… But this is a case where the Obama DOJ is working actively to preserve one of the linchpins of those abuses: expansive secrecy and immunity from judicial proceedings in order to conceal government crimes. That conduct is directly contrary to Obama’s general commitment to restore transparency and, worse, his specific opposition to the Bush State Secrets privilege.
Whether someone thinks this is a good lawsuit or not is irrelevant, as is one’s view about whether it contains actual secrets. It’s the use of the State Secrets privilege as a means for evading all judicial accounability that the Obama DOJ is defending and, if they win, forever institutionalizing for themselves and future Presidents who want to break the law and then prevent courts of law from scrutinizing what they did.
Doing this is clearly designed to retain credibility with the CIA and avoid the political pressures that would come from a judicial adjudication of Bush’s torture and rendition policies. Whatever the motives, the Obama DOJ is embracing exactly that which they claimed to oppose — a dangerous weapon which is subject to very severe abuse — and there is no plausible excuse for it. …
Update III: Marc Ambinder has yet another postdefending the Obama administration (in which he replies to my points here without explicitly acknowledging that he’s doing so), and this process has now become truly — genuinely — bizarre. This is what is happening:
Each time a criticism is voiced about the Obama DOJ, Ambinder runs to anonymous DOJ officials and asks them about the criticisms, and they — hiding behind the anonymity he gives them — then respond through Ambinder. Ambinder writes down everything they say, puts his name at the top, publishes it, and serves as their loyal spokesman.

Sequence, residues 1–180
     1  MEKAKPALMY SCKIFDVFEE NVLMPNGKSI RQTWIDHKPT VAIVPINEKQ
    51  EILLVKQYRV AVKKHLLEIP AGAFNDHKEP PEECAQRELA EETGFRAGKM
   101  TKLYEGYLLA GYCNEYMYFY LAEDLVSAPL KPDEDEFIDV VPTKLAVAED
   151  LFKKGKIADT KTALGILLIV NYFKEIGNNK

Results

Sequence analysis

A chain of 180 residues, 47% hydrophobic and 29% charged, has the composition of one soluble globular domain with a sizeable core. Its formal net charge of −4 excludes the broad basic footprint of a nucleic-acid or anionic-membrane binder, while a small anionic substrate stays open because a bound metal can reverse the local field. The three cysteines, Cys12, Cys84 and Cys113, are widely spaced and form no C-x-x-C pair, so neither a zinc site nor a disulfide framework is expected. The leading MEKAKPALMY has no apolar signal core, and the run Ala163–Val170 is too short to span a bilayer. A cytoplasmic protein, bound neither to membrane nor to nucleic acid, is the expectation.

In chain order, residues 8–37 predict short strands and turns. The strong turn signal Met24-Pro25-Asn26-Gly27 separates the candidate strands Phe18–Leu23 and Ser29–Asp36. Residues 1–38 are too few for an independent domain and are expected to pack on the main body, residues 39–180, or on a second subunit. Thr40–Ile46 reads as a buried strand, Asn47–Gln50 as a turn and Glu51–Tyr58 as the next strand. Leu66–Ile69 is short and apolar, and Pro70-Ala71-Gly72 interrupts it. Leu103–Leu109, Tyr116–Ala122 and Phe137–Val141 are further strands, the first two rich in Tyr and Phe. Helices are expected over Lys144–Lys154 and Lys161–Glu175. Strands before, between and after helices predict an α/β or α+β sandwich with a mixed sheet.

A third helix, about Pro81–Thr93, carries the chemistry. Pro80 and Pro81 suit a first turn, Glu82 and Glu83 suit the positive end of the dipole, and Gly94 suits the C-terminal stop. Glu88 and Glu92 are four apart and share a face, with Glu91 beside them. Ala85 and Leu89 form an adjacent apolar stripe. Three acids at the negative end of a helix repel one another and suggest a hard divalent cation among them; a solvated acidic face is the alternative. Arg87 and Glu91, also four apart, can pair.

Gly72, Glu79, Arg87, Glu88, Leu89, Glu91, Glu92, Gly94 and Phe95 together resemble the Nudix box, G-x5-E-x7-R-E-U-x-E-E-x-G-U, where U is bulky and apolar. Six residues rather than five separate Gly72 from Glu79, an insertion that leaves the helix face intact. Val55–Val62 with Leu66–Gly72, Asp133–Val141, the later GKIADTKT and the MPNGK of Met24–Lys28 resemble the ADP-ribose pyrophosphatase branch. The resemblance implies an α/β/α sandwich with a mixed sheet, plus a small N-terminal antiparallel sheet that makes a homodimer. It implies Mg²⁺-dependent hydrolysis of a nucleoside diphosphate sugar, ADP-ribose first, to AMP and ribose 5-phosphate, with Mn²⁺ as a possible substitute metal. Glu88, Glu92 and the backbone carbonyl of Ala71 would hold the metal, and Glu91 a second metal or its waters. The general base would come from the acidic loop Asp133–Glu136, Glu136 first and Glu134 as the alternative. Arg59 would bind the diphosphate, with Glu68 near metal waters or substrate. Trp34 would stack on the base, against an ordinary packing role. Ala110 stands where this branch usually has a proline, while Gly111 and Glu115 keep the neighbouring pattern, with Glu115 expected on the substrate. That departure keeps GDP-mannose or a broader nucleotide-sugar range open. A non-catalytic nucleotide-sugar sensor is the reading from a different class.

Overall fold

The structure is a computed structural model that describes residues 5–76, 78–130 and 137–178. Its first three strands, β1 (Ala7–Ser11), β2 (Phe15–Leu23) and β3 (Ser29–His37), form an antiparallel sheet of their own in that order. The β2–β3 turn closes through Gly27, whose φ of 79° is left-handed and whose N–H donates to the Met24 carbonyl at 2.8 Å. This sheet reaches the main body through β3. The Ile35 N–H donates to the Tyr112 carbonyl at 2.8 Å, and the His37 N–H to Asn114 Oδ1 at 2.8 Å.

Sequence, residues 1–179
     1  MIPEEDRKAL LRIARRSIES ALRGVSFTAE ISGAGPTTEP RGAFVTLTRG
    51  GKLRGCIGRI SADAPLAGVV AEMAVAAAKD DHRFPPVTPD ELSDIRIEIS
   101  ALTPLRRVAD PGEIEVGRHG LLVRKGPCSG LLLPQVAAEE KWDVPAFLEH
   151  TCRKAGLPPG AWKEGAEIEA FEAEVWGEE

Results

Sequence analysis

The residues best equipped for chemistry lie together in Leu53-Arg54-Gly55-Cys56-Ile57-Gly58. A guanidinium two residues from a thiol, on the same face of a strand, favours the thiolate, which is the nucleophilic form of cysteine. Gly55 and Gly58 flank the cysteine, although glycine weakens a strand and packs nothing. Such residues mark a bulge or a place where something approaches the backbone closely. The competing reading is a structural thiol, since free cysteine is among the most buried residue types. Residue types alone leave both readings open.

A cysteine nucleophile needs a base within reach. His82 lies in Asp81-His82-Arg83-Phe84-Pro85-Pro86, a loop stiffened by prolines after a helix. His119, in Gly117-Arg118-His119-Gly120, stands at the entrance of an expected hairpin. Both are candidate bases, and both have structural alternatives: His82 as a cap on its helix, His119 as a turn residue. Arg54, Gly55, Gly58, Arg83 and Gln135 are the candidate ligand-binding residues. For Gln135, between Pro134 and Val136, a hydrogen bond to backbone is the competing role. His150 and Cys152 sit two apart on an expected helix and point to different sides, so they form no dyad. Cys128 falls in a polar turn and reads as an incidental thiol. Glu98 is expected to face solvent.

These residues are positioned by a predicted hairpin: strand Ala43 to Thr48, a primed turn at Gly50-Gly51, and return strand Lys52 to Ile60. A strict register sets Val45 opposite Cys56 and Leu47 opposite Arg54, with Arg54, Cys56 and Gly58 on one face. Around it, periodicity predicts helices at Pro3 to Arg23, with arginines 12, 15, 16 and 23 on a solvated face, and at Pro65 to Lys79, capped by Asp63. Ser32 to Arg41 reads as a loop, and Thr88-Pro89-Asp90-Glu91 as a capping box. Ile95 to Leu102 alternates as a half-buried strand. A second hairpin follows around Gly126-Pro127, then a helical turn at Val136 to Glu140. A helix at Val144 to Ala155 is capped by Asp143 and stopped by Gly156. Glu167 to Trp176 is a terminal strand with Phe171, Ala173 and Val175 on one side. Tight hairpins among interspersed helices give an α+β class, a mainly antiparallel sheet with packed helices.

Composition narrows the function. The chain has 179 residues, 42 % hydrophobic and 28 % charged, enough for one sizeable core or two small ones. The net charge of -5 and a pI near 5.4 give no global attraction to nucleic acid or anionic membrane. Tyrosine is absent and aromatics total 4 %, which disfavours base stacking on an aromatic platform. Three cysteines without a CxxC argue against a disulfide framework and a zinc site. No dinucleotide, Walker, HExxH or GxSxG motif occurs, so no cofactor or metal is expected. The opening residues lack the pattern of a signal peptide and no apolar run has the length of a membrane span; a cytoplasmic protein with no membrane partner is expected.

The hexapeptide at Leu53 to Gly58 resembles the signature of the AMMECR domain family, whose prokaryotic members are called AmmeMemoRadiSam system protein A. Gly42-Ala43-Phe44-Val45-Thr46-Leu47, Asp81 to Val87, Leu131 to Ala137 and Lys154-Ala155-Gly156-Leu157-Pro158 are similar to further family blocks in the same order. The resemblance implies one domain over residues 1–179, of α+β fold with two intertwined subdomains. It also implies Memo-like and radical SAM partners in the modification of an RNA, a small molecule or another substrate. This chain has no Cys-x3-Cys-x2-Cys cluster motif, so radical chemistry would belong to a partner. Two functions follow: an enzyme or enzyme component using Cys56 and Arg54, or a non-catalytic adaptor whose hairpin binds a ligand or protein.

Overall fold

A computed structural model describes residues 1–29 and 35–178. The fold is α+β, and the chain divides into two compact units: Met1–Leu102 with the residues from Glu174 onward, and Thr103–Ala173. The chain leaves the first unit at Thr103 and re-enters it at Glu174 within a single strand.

Go read what he just wrote and see if he does anything different than that. Does anyone want to claim that this is the role of a journalist? And why can’t those DOJ officials just come forward, identify themselves, address these claims directly and explain what they’re doing? Why are they hiding behind Marc Ambinder and sending him to do their bidding?
Compare what Ambinder just wrote — the mindless, loyal parrot ing (yet again) of anonymous DOJ sources — to what Stephen Colbert said while mocking Beltway journalists to their face at the 2006 White House Correspondent’s Dinner:
But, listen, let’s review the rules. Here’s how it works. The President makes decisions. He’s the decider. The press secretary announces those decisions, and you people of the press type those decisions down. Make, announce, type. Just put ’em through a spell check and go home. Get to know your family again. Make love to your wife. Write that novel you got kicking around in your head. You know, the one about the intrepid Washington reporter with the courage to stand up to the administration? You know, fiction!
Isn’t that exactly what Ambinder is doing — and not even pretending to do anything else? And he’s writing things down that DOJ officials say and repeating them even when they make absolutely no sense…
In the Beltway royal court, there is no mark of prestige greater than proximity to presidential power (hence the reverence for Woodward). In the warped world of the Washington media, those who are chosen to be the obedient parrots for administration officials — the scribes to the Crown — are actually considered “good journalists,” and there is much jockeying going on among them to see who gets chosen for that subservient post in the new administration. Ambinder has helped himself greatly with his incomparably sycophantic “reporting” over the last three days.
(3) “Continuity of the Wrong Kind“, Editorial in the New York Times, 10 February 2009 — Except:
The Obama administration failed – miserably – the first test of its commitment to ditching the extravagant legal claims used by the Bush administration to try to impose blanket secrecy on anti-terrorism policies and avoid accountability for serial abuses of the law.
On Monday, a Justice Department lawyer dispatched by the new attorney general, Eric Holder, appeared before a three-judge panel of the United States Court of Appeals for the Ninth Circuit in San Francisco. The case before them involves serious allegations of torture by five victims of President Bush’s extraordinary rendition program. The five were seized and transported to American facilities abroad or to countries known for torturing prisoners.
Incredibly, the federal lawyer advanced the same expansive state-secrets argument that was pressed by Mr. Bush’s lawyers to get a trial court to dismiss the case without any evidence being presented. It was as if last month’s inauguration had never occurred.